Alright, let’s do it. While I’ve got lots of cool pictures to share from the South Island trip, there’s too much science to get to to dwell forever on it, so let’s get the rest done in one fell swoop. I’ll go light on the paragraphs, with most of the commentary contained in snarky photo captions… Ready? Go!
Where the cool kids go to ski! And do other outsidy stuff! No snow when we were there, but a pretty cool town on a pretty lake with some pretty mountains, and lots of restaurants and buzz going down at night.
The most obvious and touristy (but still worth it) thing to do was to take the gondola up to the top of Bob’s Peak above the town, with a great view down over Queenstown and Lake Wakatipu. Bob was a pretty savvy businessman to build his restaurant/viewing platform/luge track up on His Peak. Maybe Donald could learn a little about winning from Bob. I bet Bob is tired of winning from winning so much. Anyway…
With a little more time to kill before dinner, we used the internet machine to look up more things to do, and settled on the drive north along Lake Wakatipu to the small town of Glenorchy at the top of the lake. It is apparently regarded as one of the world’s top scenic drive. Having now driven it, I won’t dispute that. The views all along were absurdly beautiful, and the windy road was pretty fun to drive on, too!
Back in Queenstown, we got to enjoy a nice dinner and a sunset-ish from the lakeshore. The next day we also took a little walk around before heading out.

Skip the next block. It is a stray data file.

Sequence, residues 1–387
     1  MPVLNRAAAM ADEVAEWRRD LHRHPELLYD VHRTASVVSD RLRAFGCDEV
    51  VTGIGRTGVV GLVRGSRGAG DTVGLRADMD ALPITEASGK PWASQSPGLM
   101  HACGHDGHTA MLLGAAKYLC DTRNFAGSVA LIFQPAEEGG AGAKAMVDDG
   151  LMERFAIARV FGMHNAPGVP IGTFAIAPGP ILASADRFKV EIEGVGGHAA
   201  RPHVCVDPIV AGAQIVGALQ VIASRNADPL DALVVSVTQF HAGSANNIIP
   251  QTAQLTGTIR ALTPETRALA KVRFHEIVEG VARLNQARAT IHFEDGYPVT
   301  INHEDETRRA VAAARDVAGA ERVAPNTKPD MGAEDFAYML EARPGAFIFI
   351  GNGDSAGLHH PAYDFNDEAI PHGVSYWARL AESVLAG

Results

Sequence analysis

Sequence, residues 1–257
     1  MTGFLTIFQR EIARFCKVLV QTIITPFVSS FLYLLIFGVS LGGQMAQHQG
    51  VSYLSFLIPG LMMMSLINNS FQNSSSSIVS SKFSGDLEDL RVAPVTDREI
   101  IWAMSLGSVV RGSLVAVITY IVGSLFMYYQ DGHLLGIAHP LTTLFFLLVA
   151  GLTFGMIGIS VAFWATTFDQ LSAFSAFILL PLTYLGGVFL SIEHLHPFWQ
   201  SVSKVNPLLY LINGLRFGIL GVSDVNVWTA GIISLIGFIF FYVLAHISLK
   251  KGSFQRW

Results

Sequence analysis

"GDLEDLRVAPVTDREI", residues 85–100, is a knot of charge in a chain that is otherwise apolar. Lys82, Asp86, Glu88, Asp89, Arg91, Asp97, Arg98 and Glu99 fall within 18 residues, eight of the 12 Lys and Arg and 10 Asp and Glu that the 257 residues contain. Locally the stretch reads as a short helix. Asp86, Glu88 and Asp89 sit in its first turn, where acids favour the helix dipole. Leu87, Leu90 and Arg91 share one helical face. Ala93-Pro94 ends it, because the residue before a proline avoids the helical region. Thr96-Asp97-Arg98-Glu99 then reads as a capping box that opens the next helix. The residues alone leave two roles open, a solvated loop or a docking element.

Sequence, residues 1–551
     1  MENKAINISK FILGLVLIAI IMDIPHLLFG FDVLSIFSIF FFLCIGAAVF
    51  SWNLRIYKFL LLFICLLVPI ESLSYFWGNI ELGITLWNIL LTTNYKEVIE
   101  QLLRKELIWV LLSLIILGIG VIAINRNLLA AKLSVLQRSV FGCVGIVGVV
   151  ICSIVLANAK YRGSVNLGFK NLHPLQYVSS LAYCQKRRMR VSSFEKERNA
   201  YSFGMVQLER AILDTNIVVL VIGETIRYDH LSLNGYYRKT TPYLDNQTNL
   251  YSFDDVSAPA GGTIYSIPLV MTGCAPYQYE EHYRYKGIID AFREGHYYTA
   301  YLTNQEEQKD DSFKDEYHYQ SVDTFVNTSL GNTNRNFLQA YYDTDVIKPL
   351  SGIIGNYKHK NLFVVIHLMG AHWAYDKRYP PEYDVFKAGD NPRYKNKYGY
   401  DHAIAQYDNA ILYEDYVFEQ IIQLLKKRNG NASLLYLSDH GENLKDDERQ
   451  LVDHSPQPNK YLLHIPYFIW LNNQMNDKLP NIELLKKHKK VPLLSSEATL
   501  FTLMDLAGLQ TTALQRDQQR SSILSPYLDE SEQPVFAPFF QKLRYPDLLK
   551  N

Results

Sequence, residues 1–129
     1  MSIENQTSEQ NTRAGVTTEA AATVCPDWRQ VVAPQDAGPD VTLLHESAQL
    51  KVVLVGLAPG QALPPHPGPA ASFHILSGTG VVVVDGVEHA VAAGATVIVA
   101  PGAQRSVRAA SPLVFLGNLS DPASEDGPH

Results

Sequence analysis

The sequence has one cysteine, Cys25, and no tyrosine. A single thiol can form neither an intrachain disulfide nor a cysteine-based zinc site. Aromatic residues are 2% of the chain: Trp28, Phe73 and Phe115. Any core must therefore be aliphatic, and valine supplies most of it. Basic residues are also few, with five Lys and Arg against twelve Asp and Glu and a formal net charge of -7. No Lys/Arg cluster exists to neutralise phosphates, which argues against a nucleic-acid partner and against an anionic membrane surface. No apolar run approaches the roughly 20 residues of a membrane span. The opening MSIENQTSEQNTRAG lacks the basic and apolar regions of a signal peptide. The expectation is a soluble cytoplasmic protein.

After finishing, we set off on the drive to Te Anau, the southernmost point of our journey, stopping for a few diversions along the way.
Te Anau and Milford Sound
After a long drive through not much of anything, we got to Te Anau–the last outpost of civilization on the way to Fiordland and Milford Sound. It’s possible to take a multi-day hiking trip out that way, but that will have to be for another time. Instead we opted for a bus to boat tour. We stopped a few times along the road back up to the west coast, finally arriving at a boat terminal where we’d get floated out to the sea.
The ferry took us out to the mouth of the Sound where it meets the Tasman Sea. Despite clouds earlier in the day, it was actually so sunny at first during the boat ride that all the photographs were super washed-out. So I sat back and let all the silly people take all their photos and enjoyed the view and waited for better lighting.
And then on the way back, I leapt into action!
After the Milford Sound part of the tour, we made a couple more short stopoffs on the way back to Te Anau, then headed towards Dunedin to start working our way back around to Christchurch.
A lot of my colleagues make a lot of jokes about Dunedin having really crappy weather all the time. So of course when we got there it was raining. But contrary to the stereotype, it was actually quite nice there while we explored for a couple hours before moving on. So by my calculation, it rains 50% of the time in Dunedin.